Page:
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Washington Irving On Spirit Communication

( Originally Published 1902 )



IN a conversation with Mr. John T. Terry, the President of the Western Union Telegraph Company, I said to him, " Did you know Washington Irving? " He replied, " Yes, very well, he was an intimate friend of mine. I was at his house the night he died, not at the hour, but just a little while before. My wife and I were there, and soon after we left he passed away suddenly. My place was near his, and we visited back and forth. I often entertained him as a guest and was entertained by him. From his boyhood he had been very fond of society, and at three score and ten he had not lost his keen relish for it. He had been entertained in the best circles of society in this country and in Europe, and was the ideal gentleman in the drawing-room. There was an irresistible charm about his personality which drew men and women, old and young, to him. I never met a man socially who had such a magical influence over me. One evening there were some guests invited to my house, Irving among the rest. When he came in, he said to me :

"'Have you any safe place, with lock and key, where you can put this package? It is very valuable.'

"I took it from his hand and locked it up. As he started home he forgot it, and so did I. In a little while he returned, greatly excited, for the bundle. Taking it from my hand, he said, ' This is the manuscript of my Life of Washington, which I have just finished.'

" I was very ill with pleurisy," continued Mr. Terry, " and Irving used to come over to see me, and sit at my bedside and cheer me. The sunshine of his loving presence was health to my body as well as my soul."

I said, " Mr. Terry, is there any incident connected with your acquaintance with Mr. Irving which impressed itself upon your memory more distinctly than the rest?"

He answered, " There is one that I shall never forget. He was at my house one evening, and in conversation with me he told this story. He said : ` I was in Spain about the time that the question whether the dead can come back to speak to the living or not, was being generally discussed. A dear friend and I talked the matter over seriously, and determined to make a practical experiment to ascertain the fact. We agreed that whichever one should die first should return to a certain place in Spain in disembodied form at a specified time, and the other was to be there to communicate with him. My friend died first, and at the appointed time, I went to the place selected and, seating myself upon the stone, I waited for him, and I called for him, and I implored him to come and speak to me. But there was no form and no voice, and I made up my mind that the dead do not communicate audibly with the living, for if they could do so, my dear friend would have come to me.' I shall never forget the impressive manner in which he related the incident. There was not a particle of the humor which usually flowed from his lips ; there was the atmosphere of another world, which seemed to settle about us as he spoke."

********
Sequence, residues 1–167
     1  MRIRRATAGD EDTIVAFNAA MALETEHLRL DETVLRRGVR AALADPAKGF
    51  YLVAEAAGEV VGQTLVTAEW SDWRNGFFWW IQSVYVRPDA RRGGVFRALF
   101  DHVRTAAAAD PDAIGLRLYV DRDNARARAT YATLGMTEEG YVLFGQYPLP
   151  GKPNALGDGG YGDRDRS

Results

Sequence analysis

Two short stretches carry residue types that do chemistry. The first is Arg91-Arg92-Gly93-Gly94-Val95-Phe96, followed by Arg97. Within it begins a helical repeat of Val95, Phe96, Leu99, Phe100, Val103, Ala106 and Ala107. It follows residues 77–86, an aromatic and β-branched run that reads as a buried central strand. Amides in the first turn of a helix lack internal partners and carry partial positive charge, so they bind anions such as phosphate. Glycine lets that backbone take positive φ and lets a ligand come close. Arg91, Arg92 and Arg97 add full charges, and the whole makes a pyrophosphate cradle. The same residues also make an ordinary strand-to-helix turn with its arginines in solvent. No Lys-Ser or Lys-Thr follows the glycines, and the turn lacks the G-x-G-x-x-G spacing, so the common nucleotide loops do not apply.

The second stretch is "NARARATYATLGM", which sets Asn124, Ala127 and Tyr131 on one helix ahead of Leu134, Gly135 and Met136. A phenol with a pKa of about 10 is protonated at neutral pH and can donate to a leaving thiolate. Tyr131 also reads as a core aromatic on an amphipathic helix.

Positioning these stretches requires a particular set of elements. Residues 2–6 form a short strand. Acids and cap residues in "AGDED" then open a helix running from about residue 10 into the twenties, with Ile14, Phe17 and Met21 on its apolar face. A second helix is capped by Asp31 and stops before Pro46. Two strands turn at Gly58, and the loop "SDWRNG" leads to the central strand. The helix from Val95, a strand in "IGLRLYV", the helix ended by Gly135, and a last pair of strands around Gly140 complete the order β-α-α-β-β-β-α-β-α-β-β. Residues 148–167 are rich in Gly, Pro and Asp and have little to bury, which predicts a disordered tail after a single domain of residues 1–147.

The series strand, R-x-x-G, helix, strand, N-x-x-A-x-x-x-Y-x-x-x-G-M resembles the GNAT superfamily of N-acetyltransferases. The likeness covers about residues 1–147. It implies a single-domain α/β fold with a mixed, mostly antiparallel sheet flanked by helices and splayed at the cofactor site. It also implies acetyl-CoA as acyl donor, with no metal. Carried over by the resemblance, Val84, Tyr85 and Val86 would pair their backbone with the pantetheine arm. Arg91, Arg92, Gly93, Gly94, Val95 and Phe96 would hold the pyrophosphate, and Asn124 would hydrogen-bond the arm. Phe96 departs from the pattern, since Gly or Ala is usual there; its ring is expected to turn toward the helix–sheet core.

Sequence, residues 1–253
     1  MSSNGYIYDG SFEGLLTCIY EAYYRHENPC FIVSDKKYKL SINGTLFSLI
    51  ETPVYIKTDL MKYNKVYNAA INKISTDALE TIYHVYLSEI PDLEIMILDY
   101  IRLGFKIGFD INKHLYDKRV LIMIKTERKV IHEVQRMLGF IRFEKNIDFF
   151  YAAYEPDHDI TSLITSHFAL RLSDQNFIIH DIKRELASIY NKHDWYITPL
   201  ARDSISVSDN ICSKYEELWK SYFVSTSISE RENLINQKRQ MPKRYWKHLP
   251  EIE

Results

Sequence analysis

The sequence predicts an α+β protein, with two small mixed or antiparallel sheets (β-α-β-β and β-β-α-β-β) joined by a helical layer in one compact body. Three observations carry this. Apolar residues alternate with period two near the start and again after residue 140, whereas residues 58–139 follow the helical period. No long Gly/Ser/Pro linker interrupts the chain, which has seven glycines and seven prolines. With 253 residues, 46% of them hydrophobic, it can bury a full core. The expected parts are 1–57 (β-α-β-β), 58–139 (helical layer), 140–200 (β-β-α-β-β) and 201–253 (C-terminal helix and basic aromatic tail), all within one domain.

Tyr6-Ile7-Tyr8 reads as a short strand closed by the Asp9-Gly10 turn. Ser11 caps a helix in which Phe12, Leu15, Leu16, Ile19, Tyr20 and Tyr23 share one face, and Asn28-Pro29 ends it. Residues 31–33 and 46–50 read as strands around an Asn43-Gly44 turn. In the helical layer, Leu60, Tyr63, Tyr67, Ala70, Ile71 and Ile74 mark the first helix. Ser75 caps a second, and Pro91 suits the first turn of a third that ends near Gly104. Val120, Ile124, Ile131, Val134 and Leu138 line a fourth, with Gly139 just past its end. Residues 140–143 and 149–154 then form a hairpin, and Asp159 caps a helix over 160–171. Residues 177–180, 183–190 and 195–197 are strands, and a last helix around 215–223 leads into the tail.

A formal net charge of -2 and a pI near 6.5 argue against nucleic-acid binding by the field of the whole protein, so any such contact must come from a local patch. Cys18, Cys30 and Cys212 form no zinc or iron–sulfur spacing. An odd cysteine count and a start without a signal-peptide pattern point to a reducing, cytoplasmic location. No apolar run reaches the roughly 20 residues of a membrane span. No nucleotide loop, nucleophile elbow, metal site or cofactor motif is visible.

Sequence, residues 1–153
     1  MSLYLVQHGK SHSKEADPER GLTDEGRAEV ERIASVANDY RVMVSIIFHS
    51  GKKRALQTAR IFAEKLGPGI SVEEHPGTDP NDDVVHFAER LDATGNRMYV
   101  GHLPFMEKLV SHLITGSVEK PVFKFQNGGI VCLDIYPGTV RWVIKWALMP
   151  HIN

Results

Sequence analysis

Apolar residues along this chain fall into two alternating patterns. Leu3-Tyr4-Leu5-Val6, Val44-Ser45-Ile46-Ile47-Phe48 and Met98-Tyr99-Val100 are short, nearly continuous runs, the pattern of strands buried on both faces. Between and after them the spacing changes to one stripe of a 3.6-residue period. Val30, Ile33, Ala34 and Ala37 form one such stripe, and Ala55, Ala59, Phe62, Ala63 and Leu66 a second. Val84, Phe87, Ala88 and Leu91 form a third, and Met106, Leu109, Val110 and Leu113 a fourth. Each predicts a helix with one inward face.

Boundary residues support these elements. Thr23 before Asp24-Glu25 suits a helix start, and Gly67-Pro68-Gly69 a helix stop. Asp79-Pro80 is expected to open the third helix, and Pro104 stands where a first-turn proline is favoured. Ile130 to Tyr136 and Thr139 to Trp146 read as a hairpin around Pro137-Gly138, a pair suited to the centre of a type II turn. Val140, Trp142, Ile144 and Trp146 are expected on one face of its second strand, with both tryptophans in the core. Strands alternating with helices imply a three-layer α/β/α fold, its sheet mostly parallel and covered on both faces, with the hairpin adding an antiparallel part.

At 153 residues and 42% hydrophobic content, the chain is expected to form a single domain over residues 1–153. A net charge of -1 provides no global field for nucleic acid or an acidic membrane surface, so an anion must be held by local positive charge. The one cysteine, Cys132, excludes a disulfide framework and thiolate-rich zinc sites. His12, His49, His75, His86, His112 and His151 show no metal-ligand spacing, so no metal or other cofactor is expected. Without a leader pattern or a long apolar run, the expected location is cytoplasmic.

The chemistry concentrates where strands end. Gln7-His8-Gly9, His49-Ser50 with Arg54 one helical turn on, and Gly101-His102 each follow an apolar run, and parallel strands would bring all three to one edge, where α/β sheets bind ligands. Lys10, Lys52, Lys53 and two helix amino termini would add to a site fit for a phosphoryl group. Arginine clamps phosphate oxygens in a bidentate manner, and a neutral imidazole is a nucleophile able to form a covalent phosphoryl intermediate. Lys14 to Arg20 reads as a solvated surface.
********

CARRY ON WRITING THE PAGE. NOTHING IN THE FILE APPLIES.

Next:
After hearing the incident from the lips of Mr. Terry, I said to myself, " Washington Irving has come back to earth. The Headless Horseman has found his head or sought another churchyard; he is no longer the terror of Sleepy Hollow, the spirit of Irving is now its charm. He hovers over the Hudson, which he loved so well, and over the hills upon its banks which have been consecrated by his footsteps. His voice is echoed in the song of birds and the mirth of children, his beauty is mirrored in the flower-gardens, his love is reflected in the hearts of happy people. He is present in the public library and in the private study. He speaks wherever the English language is spoken. He charms the ear with the melody of his periods, he enriches the mind with the value of his truth, he cheers the nature with his inimitable humor, he clarifies the heart with the purity of his sentiment, he inspires the soul with the loveliness of his personality. Where there is the highest appreciation of the true, the beautiful, and the good in literature, the work of Washington Irving will live in the libraries and lives of mankind."



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